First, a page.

Another dot in the blogosphere?

Studio-like sessions

Posted on: May 17, 2019

 
I have grabbed every opportunity to run courses or workshop series like studio sessions.

If you need to know what studio teaching and studio-based learning are, I recommend these resources:

My most recent ventures with this approach were a series of academic writing workshops for teachers and a postgraduate course on educational technology.

Both groups enjoyed a small number of participants: Six teachers and seven Masters/Ph.D. students. In terms of content, both were roughly even on theory (knowledge), practice (skills), and praxis (theory informed and authentic practice).

One way to imagine studio-based learning is to picture novice painters. Learners armed with prior knowledge and previous experiences bring those to the studio to learn from a master and their peers. They learn in. They learn information and skills just-in-time and level up by working in groups and individually.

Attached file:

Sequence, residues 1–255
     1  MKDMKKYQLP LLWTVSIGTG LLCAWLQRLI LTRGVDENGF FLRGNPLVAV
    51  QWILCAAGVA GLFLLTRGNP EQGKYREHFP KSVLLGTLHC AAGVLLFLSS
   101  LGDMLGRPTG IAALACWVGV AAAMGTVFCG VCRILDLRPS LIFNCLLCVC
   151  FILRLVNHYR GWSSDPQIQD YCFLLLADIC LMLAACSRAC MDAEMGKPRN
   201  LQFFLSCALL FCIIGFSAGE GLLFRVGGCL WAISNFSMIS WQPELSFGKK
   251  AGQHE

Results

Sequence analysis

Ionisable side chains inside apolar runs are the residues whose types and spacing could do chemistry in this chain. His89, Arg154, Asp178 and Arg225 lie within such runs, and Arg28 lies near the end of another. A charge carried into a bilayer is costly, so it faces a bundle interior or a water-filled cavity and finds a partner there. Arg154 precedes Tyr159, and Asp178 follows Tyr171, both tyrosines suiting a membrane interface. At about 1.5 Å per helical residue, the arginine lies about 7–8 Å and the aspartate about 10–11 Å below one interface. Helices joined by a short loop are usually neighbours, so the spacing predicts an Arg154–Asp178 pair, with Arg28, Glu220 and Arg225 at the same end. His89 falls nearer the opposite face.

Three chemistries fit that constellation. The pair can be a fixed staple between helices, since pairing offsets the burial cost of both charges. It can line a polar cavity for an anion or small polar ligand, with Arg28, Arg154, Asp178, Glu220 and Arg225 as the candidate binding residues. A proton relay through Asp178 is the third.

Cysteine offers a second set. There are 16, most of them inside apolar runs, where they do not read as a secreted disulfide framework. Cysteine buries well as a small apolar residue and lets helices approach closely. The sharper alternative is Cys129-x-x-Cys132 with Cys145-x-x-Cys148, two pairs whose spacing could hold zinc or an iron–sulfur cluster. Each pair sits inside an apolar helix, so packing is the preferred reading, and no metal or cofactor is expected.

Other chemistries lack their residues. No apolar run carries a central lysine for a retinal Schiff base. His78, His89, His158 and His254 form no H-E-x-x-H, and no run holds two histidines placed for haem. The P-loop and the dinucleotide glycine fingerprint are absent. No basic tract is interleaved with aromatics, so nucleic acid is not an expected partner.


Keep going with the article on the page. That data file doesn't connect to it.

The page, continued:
While in groups, they share (peer teach) and provide feedback to one another (critique). Their processes and products are made as open and available to others as much as possible.

A studio also affords individual alone time to be with their thoughts. This allows students to practice or reflect on their own, or to consult the facilitator.

Like a painter, a student in a studio must have choice in a project for evaluation of learning. The project must meet standards established early on and agreed upon. Like a painter, such a student needs to showcase their thinking (processes) and work (products) during studio sessions.

I have found it easy to conduct studio sessions when the circumstances align — class size, course coordinators who are hands-off or trusting, nature of topic, etc. I can do these even in the most traditional of institutions. However, it is the assessment that is challenging. I will reflect on one or two pragmatic issues next.

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